Pain is real but so is hope.


CS Lewis astutely observed, “Pain insists upon being attended to. God whispers to us in our pleasures, speaks in our consciences, but shouts in our pains. It is his megaphone to rouse a deaf world.” We can’t ignore it. It tortures us and crushes us. In its greatest trials it blinds us to everything else. Physical pain. Emotional pain. The pain of feeling lost and alone and without purpose. To deny it and paste on a silly grin is a foolish facade that accomplishes nothing.


Pain is real.

But so is hope.


Hope clings to the reality that what we see is not what God sees. We think there is only pain, uselessness, a wasted life of no value to anyone. We sit beneath the magnificent quilt spread across the loom and all we see are the tattered edges and loose threads. Nothing makes sense. But He sees the picture from above, the one that is completed by our faithfulness. Speaking of the great men and women of faith who suffered greatly, the author of the book of Hebrews wrote: “These were all commended for their faith, yet none of them received what had been promised, since God had planned something better for us so that only together with us would they be made perfect.” (Hebrews 11:39-40) He continues,”Therefore, since we are surrounded by such a great cloud of witnesses, let us throw off everything that hinders and the sin that so easily entangles. And let us run with perseverance the race marked out for us, fixing our eyes on Jesus, the pioneer and perfecter of faith. For the joy set before him he endured the cross, scorning its shame, and sat down at the right hand of the throne of God. Consider him who endured such opposition from sinners, so that you will not grow weary and lose heart.” (Hebrews 12:1-3)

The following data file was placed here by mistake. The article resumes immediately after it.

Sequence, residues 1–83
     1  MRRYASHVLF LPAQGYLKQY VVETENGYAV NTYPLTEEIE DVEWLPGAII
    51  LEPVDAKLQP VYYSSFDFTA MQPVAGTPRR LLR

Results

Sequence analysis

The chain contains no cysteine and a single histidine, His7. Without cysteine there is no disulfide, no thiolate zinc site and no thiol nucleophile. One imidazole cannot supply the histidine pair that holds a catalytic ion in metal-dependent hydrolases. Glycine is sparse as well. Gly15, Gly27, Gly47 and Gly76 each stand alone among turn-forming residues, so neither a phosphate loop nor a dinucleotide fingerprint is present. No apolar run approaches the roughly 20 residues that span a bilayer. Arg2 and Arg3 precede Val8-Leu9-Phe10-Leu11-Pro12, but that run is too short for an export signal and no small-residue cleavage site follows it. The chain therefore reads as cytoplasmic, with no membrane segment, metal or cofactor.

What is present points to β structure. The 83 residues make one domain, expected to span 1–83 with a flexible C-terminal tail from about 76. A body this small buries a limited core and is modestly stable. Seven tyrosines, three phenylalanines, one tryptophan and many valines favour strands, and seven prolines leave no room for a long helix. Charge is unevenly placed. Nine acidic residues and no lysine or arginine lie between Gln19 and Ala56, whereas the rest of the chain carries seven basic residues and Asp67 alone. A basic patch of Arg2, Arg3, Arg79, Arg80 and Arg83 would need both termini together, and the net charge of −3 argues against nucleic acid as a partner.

That’s the masterpiece that our pain can’t perceive. Only faith, your great hope, can catch a glimpse of the beauty that is yet to be revealed.


Your faithfulness is accomplishing far more than what you and I can imagine. It’s quite possible we won’t know until we get to heaven how God uses your faithfulness to work good in all situations for all who are called according to his purpose. I know it doesn’t seem like enough. I write this as my own pain screams at me. Hope doesn’t seem like enough. But it is enough. Jesus has his loving eyes on you and your pain right now. You are not forgotten, not alone.